It's not often that sinking a ship is seen as a positive, but that's exactly what Richard Branson hopes to prove with his new underwater art installation.
Your next diving adventure destination is currently floating atop the ocean. But it won’t be for much longer. Richard Branson, a man known for going (literally) out of this world for his business ventures, is now sinking one … on purpose. On Monday, the entrepreneur plans to sink of the five surviving ships from the Pearl Harbor attack in order to turn it into the B.V.I Art Reef. It’s described as “a man-made marine ecosystem and otherworldly dive site crowned by an 80-foot-long Kraken sculpture,” and will likely do more good at the bottom of the ocean than it will on top of it.
The Kodiak Queen is slated to find a new home on the ocean floor just south of Mountain Point in Virgin Gorda (a part of the British Virgin Islands). The hope is that once it sinks, the ship and the attached monster will serve not only as a dive site for water-loving tourists, but also a key structure in rehabilitating endangered marine life in the area.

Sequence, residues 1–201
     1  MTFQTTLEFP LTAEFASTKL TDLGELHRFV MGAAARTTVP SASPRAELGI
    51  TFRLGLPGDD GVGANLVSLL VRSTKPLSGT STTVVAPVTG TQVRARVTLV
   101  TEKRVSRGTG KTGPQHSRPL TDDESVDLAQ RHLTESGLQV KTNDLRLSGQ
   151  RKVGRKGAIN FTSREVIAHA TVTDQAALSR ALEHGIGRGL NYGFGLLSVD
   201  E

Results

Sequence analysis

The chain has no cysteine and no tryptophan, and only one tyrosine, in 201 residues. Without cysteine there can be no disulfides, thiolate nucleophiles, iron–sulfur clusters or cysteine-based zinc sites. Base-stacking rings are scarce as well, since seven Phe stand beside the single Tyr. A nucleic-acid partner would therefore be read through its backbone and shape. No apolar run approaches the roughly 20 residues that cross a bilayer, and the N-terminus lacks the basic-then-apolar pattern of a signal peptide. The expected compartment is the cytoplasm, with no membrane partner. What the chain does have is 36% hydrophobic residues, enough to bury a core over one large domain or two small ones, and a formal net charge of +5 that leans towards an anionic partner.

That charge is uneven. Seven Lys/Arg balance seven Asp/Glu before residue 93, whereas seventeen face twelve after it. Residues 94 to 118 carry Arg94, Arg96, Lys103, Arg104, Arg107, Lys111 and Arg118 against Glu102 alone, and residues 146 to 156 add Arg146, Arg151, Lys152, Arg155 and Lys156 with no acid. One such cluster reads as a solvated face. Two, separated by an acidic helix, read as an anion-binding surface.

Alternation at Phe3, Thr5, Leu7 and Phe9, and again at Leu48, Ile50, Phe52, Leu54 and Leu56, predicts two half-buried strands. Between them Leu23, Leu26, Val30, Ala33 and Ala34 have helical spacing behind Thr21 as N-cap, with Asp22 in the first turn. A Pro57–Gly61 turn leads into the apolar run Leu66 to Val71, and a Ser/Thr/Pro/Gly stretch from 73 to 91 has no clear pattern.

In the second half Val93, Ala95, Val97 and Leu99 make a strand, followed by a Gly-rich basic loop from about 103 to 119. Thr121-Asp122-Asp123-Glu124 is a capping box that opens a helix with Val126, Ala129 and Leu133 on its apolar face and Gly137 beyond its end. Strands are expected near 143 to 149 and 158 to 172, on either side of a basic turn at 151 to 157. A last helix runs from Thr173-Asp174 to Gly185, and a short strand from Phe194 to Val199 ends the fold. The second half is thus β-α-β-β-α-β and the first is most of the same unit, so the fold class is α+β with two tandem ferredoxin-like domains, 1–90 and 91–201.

A number of nonprofits are involved in this new project, including Unite B.V.I., which seeks to inspire and empower children of the British Virgin Islands; Secret Samurai Productions, which hopes to address real-world problems through art; and Beneath the Waves, an ocean education and research charity, just to name a few.
“This project,” Branson told the New York Times in an email, “provides an exciting opportunity to capture people’s attention and then to refocus it on important issues facing our oceans — for example, the importance of addressing global warming to protect our coral reefs and the need to rehabilitate vulnerable marine species such as severely overfished grouper populations.”
Once the ship has been sunk, the second phase of the project will begin, which involves coral restoration using the kraken (designed by Secret Samurai Productions). Other artwork will also be installed once the boat is beneath the sea, and is slated to comprise a new environment conducive to threatened species.
So if you make it out to the Caribbean this year, this may be one site you want to visit.